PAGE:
April 23rd, 2010
The goal of figure flattery is to create the visual illusion of a more hourglass-like shape from your figure. Essentially, it’s making the most of what you’ve got - and it makes you look taller and thinner. Whatever your personal architecture, you have a good deal of control over how you look in a swimsuit, especially given how little fabric you’re working with. How do you flatter your body in a swimsuit? It’s all in the details.
If you have a tummy…
Jersey Lomellina Retro Bandeau Tank | $115 at J Crew
Look for ruching at the belly - and a high cut leg and/or a low cut top to look your leanest. Avoid shiny suits, which accentuate figure flaws.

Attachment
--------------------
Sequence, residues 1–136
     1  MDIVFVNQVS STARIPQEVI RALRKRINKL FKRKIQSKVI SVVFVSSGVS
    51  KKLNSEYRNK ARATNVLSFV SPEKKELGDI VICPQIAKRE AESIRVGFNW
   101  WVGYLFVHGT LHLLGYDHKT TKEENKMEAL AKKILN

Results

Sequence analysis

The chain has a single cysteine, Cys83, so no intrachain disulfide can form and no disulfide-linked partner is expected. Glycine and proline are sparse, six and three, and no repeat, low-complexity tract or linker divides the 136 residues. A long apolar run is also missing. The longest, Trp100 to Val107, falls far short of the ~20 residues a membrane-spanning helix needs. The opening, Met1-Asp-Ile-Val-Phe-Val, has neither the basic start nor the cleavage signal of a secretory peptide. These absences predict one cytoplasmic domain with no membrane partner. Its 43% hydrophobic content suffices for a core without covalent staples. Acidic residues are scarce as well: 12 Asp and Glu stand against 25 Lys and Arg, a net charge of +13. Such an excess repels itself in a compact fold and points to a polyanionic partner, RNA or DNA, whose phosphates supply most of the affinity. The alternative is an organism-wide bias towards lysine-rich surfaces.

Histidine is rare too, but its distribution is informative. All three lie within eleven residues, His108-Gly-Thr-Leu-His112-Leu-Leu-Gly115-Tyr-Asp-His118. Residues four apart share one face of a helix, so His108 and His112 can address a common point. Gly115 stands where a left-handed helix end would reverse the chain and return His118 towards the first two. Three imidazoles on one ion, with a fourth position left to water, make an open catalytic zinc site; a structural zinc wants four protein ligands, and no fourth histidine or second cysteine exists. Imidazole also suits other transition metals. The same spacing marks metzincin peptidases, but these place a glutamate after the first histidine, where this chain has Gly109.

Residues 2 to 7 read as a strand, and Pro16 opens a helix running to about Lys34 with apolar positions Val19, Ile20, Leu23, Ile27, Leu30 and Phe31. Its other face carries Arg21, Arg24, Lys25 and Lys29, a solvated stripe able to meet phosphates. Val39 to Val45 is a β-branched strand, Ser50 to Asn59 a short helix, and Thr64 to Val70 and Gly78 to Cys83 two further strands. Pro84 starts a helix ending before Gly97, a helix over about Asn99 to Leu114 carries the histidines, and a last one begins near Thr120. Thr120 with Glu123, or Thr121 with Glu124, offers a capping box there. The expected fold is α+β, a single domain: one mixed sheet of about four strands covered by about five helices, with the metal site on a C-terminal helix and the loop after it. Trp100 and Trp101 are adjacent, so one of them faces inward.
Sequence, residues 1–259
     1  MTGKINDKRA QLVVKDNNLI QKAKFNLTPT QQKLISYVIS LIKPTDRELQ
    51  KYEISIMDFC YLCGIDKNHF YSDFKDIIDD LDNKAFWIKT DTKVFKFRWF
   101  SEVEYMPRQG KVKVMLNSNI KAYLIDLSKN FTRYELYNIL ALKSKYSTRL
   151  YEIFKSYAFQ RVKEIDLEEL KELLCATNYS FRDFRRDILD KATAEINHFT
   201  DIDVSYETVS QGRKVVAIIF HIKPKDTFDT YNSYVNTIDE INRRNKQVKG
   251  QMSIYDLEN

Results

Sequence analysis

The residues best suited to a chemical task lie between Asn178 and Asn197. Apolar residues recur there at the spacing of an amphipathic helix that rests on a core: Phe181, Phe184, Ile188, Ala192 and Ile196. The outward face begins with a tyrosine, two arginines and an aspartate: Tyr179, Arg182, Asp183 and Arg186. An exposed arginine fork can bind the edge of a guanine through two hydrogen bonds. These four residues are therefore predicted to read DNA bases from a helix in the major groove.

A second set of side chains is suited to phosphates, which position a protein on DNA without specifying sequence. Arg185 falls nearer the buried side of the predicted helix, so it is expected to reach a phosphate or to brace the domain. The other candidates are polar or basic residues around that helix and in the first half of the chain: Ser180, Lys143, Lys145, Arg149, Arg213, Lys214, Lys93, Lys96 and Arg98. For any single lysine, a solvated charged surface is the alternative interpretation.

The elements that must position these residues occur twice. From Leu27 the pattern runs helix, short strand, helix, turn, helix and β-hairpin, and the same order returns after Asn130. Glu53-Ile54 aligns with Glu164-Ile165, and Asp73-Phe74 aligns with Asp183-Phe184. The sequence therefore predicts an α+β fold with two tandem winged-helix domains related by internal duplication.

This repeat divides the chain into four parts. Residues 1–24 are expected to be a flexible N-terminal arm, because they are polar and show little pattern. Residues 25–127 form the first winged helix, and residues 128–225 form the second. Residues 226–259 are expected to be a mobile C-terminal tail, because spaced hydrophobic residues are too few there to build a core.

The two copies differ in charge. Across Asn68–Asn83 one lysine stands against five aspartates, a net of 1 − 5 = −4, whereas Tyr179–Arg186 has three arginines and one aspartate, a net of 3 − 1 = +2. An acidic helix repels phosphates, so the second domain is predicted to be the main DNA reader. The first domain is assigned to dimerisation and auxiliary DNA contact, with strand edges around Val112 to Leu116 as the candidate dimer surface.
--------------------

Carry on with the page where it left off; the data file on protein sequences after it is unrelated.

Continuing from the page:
Look for suits with underwire for extra definition. Also, ruffles, ruching, and other textured fabric treatments help create visual volume.
If you have a big bust…
Coco Reef Swimsuit | $114 at Macy’s
Look for suits that have enough support, and avoid necklines that are too high (you’ll only look bigger) or too low (not enough support). (PS: While the model pictured doesn’t fit the silhouette type, the swimsuit does indeed work well for women with a larger bust.)
If you’re pear shaped…
Becca ‘Color Code’ Halter Top & Bikini Bottoms | $78+ at Nordstrom
Look for swimsuits that draw attention upward. Also look for higher cut swimsuit bottoms, which visually elongate your leg.
If you’re curvy…
Miraclesuit Sanibel One Piece | $148 at Nordstrom
Look for wrap styles and vertical-type patterns to make you look longer and leaner. Avoid too-high necklines, which will create the illusion of "uniboob."